Their careers are being hindered by their ethnic origins.
British Asian students are performing better than their counterparts in education, but performing lower in employability success.
The children of Bangladeshi and Pakistani backgrounds are outperforming other ethnic groups, including white children in educational practices.
A report by the Government’s Social Mobility Commission found that workplace discrimination occurred more so towards Asian ethnic groups – in particular Muslim women.
These Asian women are earning less on average from those in different ethnic groups. Their careers are being hindered by their ethnic origins.
British Asian students may be doing better. But, are less likely to achieve higher job titles such as managerial positions.
The report was published in November 2016 and commissioned by think-tank groups LKMco and Education Datalab. Alan Milburn – the commission’s chair, said:
“It is striking that many of the groups that are doing best at school for improving their results the most are losing out when it comes to jobs and opportunities in later life.”
Milburn rendered Britain a long way from equality in the jobs market towards Asian ethnic groups. He said:
“The British Social Mobility promise is that hard work will be rewarded. This research suggests that promise is being broken for too many people in our society.
The same minority ethnic groups also out-performed White working class children in English tests. With the White children at the bottom of the scores, Asian ethnic groups were doing better at GCSE.
One study mentioned by The Guardian claimed Indian children were more likely to do their homework 5 days a week, and have access to facilities such as a PC at home.
There was found to be higher engagement in Pakistani and Bangladeshi families.
The report’s head author, Bart Show said discrimination amongst culture, geography and family support and expectations were part of the gaps. He said:
“Meanwhile in education, differences arise from access to schools, teachers’ perceptions of behaviour and practices such as tiering and setting. Out-of-school factors such as parental expectations and support also play a critical role.”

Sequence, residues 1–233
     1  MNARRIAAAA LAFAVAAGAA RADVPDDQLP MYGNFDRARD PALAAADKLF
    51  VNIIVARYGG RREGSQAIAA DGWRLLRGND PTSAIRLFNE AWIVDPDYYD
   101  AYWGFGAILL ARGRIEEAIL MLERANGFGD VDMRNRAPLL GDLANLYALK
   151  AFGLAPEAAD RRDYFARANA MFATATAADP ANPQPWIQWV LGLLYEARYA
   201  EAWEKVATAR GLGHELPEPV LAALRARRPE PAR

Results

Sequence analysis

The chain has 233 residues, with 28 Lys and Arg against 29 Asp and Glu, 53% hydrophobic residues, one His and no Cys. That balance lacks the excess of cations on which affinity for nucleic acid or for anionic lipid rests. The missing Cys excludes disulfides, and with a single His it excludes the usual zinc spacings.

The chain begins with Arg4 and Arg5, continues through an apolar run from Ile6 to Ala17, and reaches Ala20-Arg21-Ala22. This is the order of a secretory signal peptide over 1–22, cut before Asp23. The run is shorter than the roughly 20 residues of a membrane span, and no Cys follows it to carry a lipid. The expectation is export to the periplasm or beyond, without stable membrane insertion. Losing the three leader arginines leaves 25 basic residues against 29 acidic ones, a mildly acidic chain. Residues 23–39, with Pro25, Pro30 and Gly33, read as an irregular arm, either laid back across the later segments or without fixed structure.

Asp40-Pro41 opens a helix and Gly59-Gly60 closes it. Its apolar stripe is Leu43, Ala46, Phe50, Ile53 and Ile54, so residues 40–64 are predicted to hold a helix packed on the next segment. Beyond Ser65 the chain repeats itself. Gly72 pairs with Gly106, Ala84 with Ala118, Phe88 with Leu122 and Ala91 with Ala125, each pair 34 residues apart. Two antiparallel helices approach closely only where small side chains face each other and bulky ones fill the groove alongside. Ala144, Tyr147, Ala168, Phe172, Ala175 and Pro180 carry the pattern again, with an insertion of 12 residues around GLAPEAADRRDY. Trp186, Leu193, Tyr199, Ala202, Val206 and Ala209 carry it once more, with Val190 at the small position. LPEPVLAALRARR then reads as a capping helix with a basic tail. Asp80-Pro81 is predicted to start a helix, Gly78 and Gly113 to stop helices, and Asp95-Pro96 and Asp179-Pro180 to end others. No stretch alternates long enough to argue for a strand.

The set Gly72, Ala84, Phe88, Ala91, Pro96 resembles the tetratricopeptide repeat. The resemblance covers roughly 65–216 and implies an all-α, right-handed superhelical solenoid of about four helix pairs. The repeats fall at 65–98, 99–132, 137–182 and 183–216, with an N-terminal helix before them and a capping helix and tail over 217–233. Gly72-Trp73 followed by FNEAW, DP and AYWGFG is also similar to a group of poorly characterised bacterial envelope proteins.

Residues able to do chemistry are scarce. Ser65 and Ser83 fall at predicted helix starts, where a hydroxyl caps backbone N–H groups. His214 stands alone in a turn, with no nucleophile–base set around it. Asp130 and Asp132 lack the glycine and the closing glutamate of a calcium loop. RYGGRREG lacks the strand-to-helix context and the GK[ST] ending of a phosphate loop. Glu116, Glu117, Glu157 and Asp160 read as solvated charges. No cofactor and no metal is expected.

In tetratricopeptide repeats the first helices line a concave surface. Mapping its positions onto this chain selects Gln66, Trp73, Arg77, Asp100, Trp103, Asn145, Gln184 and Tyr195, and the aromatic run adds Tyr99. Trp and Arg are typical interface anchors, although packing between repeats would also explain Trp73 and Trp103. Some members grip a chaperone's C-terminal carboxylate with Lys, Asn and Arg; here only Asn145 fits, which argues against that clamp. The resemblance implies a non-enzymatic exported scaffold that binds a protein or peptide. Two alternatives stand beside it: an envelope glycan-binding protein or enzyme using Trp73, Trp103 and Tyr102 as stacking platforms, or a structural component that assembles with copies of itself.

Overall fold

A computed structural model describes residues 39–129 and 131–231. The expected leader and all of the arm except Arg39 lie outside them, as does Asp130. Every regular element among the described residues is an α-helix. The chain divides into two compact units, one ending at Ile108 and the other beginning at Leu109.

The report also suggests that minority ethnic group’s parents may pay more attention to their children’s schooling and lend more support than those of white working class parents.
Researchers suggested that working class White parents: “Tend to be less engaged in their children’s education than other ethnic groups.”
This may be because British Asian students are pressured more at home to perform well at school. Because Indian, Bangladeshi and Pakistani parents have not all necessarily had the chance to attend school. Therefore, they push their children into higher forms of education.
It was reported that 5 in 10 Bangladeshi students attend University. This is compared to just 1 in 10 for White students.
This graph shows the percentage points of each ethnicity entering Higher Education (HE) with and without controls. The controls include KS2 and secondary characteristics and other control from KS4 attainment.
For the ethnic minorities, the difference between raw (without control) and with control is a huge gap. For Pakistani students, it is the difference from 12 to 24 with control.
The graph above shows that Ethnic minorities such as Indian, Pakistani, Indian and Chinese, perform even higher at HE with the controls included. This is compared with White ethnic groups, where the gap between raw and controlled factors is still small, suggesting there is not much impact after KS2 and 4 attainments.
According to a study by (Johnson & Kossykh 2008), Ethnic minorities parents are more likely to encourage their children to enter HE due to the economic disadvantages they already face. The parents of the Pakistani, Indian and Bangladeshi students are likely to be migrants.
The parents of the Pakistani, Indian and Bangladeshi students are likely to be migrants. This explains why they be more encouraging towards HE as a way of escaping these stereotypical views, as English may not always be the first language to all.
One key recommendation in the report is that more support is given to British Asian women and students to achieve their career ambitions, by schools, universities and by employers and not to discriminate against them due to their background, or even their appearance.